life lessons, Social Commentary


I was brought up with a father and brothers I adore who were taught to respect women and defend them to their core.  So with these beautiful people as my templates I was perhaps very green about what to expect in my life from men “I was going to find a man like my Dad”.  My male childhood friends were always respectful and in fairness they knew I would tell them where to get off if they tried anything.

I always try to be nice to people and respected others, that was just how my parents raised me.  My mother always said  I shouldn’t be mean to boys incl. my brothers and when I was out socially I should be approachable and nice.  Don’t be superficial I was always taught,  don’t judge a book by the cover, it’s the content, what’s in the mind and the heart that counts after all.

My dad would always tell my brothers to keep an eye on me. But somehow society doesn’t always keep an eye out or show support, it often turns a blind eye, especially when prestige, money and power are involved.  Thus many predators, creeps and pillars of society over the generations have been given a pass by people standing by instead of standing up in our society.

Recent events in Hollywood reported in the media has made me analyse and realise that I have lived a large part of my adult life in a more constrained way.  My own negative experiences and often the lack of support in society has in effect shaped my views on decency and what to expect and made me check-out.

When I voiced concern previously about  inappropriate sexual behaviour I was often most surprised by the reaction of women and their comments, shutting me down e.g.  “you are being a bit full of yourself” or “he was just being friendly” or “sure he doesn’t mean anything by it” or the catch all of  “it’s the drink”.  As if I was misinterpreting, being boastful, perhaps reading too much into things or just being young and naive. In essence I was to blame, it was me, at least that’s what their reaction told me, so I withdrew.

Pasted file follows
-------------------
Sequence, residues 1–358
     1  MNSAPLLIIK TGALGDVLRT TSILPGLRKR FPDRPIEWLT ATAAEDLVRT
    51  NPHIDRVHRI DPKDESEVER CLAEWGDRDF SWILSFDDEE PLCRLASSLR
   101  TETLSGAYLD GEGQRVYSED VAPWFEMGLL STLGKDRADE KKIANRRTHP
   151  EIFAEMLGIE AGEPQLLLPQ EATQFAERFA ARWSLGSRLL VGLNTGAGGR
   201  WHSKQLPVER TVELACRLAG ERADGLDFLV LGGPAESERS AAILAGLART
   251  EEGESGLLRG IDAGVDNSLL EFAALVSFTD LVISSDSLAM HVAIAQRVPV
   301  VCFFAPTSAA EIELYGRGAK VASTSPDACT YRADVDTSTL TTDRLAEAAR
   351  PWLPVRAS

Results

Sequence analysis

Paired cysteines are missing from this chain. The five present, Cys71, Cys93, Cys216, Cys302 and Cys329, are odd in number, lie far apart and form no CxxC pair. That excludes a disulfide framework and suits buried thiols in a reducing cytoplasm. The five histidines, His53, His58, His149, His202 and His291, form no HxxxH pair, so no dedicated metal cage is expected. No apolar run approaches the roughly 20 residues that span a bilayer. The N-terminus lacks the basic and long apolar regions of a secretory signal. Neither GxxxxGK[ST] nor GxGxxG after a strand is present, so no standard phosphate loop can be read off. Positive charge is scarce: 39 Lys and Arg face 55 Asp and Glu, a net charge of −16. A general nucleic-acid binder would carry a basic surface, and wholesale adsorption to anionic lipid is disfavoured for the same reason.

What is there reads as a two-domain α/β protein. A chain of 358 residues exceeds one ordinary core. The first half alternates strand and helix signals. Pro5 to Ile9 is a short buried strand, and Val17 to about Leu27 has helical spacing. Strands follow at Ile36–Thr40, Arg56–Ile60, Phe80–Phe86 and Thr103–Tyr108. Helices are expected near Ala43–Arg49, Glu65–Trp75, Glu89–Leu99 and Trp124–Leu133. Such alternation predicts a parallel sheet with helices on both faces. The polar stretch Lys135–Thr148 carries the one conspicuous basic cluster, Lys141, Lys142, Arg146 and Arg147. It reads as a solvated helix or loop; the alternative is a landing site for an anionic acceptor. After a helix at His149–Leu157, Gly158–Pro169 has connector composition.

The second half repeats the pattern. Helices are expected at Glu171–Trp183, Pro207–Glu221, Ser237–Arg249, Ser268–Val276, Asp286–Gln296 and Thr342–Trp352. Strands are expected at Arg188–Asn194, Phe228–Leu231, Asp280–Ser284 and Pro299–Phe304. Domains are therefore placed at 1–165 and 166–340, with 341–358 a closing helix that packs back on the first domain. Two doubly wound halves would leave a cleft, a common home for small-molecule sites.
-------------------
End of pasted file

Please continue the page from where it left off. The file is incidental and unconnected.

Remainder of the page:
It’s not just people in authority that create negative impacts on lives, the words, responses and lack of support in everyday life can have long lasting repercussions and leave imprints on minds.

I count guys and gals equally in my friendship group, I am a member of a diverse global motley crew.  Since my mid 20’s I would say due to my often bad experiences I have built a wall of sorts around love and relationships that in a way has held me back.  Recently prompted by the headlines emanating from Hollywood I have had many chats with family and friends and we have discussed our experiences.  It is sad for me to say this but the fact that I am not alone doesn’t shock me, but perhaps the swell of protest and conversations happening will mean that it will finally stop.   Surely the women speaking out now in large numbers is enough to turn the tide?  I so hope so…….

It is worth noting that I am not alone and that all of these things have happened “and more” so when people say it’s isolated or not common place, I beg to disagree.  I would never tar all men or women with the same brush but we have to call them on it regardless of their profile, society must stand up.  So to each of the gross, predatory men detailed below who have in effect negatively influenced me to put a brave face on and ignore cetain parts of my own life, I would like to say you are no longer in my way.  I won’t forget but writing it down and putting it out there has helped and perhaps sharing it will help someone else or check how someone behaves as nothing here is acceptable  –